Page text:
• ARTICLE IN PRESS M. Muffatto, A. Payaro / International Journal of Information Management 24 (2004) 295–311 300 3.1.2. Procurement The goal of Aprilia’s e-procurement projects is to involve the suppliers that the company already had a consolidated and trusting relationship with. In particular, the aim is to make the procurement stage of the delivery plan more efficient by reducing above all the time taken up for the communication process between the players and by reducing the errors that result from traditional methods of communication. To achieve these goals, an environment must be used where all information is coded and which is accessible, from both practical and financial points of view, for all of Aprilia’s main suppliers. The company already had an ERP type management system when the e-procurement project was initiated. The ERP project began by extending the information network to external sales businesses, post-sales, logistics and production. The implementation of the e-procurement project made it possible to digitalize the delivery plan. This leads to greater flexibility and better control of the goods supplied. The difficulty proved to be identifying the number of products to be manufactured and defining the item codes as precisely as possible and as close to the beginning of the production stage as possible. The information regarding the delivery plan come from MRP. Then the delivery plans are published on the company’s Internet site. The suppliers can access the site in a ‘‘collaboration’’ environment where they can see the plans and download them from the net. Since the Supply Chain at Aprilia is based on the delivery plans, by making them as efficient as possible, the efficiency of the entire Supply Chain can be improved. The basic problem related to e-business is the organization that supports it. It is necessary to create an organizational and technological compatibility between the various companies involved, from the suppliers to the customers. Keeping with this basic principle, Aprilia has an information management system on the company server in order to have greater compatibility of the codes used and to reduce the number and variety of interfaces used. 3.1.3. Fulfillment Aprilia has about 300 dealers, most of which sell several brands of vehicles. Aprilia has offered its dealers the opportunity to create and manage a virtual warehouse. The dealers access the company’s server via Web and from there they can access the applications which are carried out locally on that server (the applications, therefore, are centralized). Furthermore, in this way Aprilia can have a complete picture of the situation of the various peripheral warehouses at all times thus obtaining precious market information (customer needs and interests). There are even more problems when dealers do not sell only Aprilia brand products. In fact, in this case, there have been difficulties convincing dealers to use Aprilia’s own information interface rather than another company’s. 3.2. Case 2: Carraro group 3.2.1. The company Carraro is an industrial group which designs and manufacturers transmission systems and special components for light commercial vehicles and cars, agricultural machinery, materials handling equipment, construction equipment and industrial forklifts.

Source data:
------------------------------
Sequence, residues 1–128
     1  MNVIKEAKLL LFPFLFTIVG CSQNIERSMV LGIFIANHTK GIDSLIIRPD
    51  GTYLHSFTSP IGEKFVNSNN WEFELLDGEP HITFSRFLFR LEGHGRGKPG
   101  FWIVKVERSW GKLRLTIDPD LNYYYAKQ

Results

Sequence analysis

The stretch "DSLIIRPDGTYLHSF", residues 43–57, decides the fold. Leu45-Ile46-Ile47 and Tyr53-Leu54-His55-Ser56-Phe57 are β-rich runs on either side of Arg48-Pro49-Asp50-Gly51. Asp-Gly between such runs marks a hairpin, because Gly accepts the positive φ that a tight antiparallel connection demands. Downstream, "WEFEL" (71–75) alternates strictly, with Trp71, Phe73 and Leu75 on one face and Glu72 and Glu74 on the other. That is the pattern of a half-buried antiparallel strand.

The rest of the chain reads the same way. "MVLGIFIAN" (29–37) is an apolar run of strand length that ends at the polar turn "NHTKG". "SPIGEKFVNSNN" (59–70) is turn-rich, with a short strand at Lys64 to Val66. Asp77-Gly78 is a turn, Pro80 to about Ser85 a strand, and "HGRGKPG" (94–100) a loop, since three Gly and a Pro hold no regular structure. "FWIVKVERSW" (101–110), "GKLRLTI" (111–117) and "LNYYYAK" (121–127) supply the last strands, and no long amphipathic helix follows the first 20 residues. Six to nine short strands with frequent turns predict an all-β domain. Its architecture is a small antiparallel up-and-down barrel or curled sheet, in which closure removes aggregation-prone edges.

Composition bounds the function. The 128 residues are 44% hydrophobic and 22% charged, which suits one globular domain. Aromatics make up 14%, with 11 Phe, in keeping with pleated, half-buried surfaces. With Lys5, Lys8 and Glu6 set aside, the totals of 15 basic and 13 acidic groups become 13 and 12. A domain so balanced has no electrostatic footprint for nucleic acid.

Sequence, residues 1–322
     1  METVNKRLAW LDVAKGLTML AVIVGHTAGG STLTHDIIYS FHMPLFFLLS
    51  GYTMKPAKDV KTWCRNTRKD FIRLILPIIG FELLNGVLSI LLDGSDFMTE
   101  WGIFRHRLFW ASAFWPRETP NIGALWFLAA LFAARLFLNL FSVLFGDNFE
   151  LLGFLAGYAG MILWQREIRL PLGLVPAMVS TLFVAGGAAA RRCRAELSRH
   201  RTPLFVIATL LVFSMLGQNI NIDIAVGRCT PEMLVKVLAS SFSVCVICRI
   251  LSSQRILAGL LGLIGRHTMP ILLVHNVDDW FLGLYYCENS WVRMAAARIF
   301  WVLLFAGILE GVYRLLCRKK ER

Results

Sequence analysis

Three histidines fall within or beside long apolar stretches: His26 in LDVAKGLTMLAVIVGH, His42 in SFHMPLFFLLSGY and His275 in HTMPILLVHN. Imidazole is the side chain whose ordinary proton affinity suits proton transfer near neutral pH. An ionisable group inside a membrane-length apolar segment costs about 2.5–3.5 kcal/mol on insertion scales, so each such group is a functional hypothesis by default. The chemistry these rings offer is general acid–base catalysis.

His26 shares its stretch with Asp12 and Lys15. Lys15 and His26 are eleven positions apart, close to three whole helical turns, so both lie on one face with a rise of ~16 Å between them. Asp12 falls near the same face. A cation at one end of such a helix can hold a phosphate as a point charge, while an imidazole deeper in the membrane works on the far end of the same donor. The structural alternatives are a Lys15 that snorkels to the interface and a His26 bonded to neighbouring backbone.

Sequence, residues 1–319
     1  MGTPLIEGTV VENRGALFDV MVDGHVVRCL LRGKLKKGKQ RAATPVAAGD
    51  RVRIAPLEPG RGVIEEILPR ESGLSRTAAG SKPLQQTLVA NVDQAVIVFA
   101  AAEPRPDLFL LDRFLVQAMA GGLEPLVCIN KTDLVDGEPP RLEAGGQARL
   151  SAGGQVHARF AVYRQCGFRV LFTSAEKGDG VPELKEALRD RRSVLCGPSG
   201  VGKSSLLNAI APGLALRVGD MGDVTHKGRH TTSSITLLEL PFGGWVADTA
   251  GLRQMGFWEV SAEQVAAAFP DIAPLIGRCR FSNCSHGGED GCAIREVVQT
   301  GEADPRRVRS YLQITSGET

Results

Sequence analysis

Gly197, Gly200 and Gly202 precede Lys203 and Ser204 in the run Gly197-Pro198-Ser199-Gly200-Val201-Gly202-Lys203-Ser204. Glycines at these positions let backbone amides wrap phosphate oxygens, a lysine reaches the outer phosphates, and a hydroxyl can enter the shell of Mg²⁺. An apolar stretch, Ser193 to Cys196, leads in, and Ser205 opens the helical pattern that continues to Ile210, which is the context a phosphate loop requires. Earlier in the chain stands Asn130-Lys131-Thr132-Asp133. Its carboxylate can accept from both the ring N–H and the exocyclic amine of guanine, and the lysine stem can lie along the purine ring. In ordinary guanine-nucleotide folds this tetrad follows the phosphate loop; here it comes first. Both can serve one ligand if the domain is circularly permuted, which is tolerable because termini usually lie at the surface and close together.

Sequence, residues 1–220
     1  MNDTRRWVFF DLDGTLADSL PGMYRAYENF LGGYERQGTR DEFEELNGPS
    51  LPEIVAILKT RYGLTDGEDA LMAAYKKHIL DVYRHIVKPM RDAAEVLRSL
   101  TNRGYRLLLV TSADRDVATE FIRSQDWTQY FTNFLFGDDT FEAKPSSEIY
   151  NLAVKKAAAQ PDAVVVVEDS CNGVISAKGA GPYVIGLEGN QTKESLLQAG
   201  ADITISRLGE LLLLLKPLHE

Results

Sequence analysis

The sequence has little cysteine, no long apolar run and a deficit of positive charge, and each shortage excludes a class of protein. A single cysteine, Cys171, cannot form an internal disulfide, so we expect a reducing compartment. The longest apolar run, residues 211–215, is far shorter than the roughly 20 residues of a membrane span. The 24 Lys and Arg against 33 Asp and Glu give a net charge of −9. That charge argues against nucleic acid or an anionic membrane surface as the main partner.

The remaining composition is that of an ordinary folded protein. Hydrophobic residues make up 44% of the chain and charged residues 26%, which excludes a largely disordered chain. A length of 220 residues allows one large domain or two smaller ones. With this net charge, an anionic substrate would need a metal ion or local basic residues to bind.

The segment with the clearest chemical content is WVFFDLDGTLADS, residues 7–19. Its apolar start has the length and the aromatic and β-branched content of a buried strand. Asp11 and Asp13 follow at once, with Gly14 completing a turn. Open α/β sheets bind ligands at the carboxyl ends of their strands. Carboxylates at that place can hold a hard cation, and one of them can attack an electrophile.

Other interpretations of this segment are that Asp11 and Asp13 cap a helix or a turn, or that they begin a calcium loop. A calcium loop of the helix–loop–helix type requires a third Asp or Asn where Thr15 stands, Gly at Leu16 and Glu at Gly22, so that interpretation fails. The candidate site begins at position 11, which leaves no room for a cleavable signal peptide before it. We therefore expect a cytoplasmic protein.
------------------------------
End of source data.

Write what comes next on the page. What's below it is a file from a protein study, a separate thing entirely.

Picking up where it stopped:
• ARTICLE IN PRESS M. Muffatto, A. Payaro / International Journal of Information Management 24 (2004) 295–311 301 3.2.2. Procurement Carraro designed and created an information network called the Carraro Private Network (CPN) to link the company to its main suppliers. The goal of the project, involving more than 400 direct suppliers, is to automate some of the stages of the procurement process, thus creating an e-procurement model. The suppliers involved in the CPN are companies Carraro has a solid relationship with. Initially, only Italian suppliers had access to the CNP, but then it was opened up to European suppliers as well. The products managed using the CNP are both standardized products and products which are designed in collaboration with the suppliers. The suppliers have access in real time to information regarding orders, supply plans and the quality of their supplies. One of the services offered to each supplier is the possibility of having online the entire history of its orders. In the same way, company buyers can evaluate different offers, archive orders in a shared database and, above all, activate a series of automated procedures which reduce or even eliminate many of the activities which have less added value. Thanks to the new web-based application, it is possible to reduce the lead time of the supply process and increase the reliability of the entire system. Furthermore, by improving efficiency, administrative costs are reduced and the resources dedicated to procurement are optimized. 3.2.3. Fulfillment The Carraro Group has a small number of customers which are mostly large, internationally known vehicle manufacturers, such as Fiat and Ford. For this reason, the company has not yet felt the need to have an e-fulfillment strategy. A possible further evolution of the system could be the development of a virtual environment where all of the players can cooperate by digitalizing most inter-company relationships. This will only be possible when one standard is created for and adopted by all of supply chains in various industrial sectors. There will have to be a standard for both the technology and the protocol in order to create company information systems which can interact without needing hardware and software interfaces to make the various communication and information flow formats compatible. The standard will increase company flexibility. 3.3. Case 3: Ducati 3.3.1. The company Ducati is one of the leader manufacturers of high-performance motorcycles. In addition to motorcycles, Ducati also sells accessories and clothing in more than 40 countries worldwide. 3.3.2. Procurement All Ducati motorcycles are manufactured in Bologna. The company has carried out several projects to reduce production costs and improve the production process. In January 1999, Ducati introduced a production software which controls the flows of information from when the customer places the order to when the product is delivered. By using an MRP created specifically for the company, the system generates production plans based on sales forecasts, optimizing the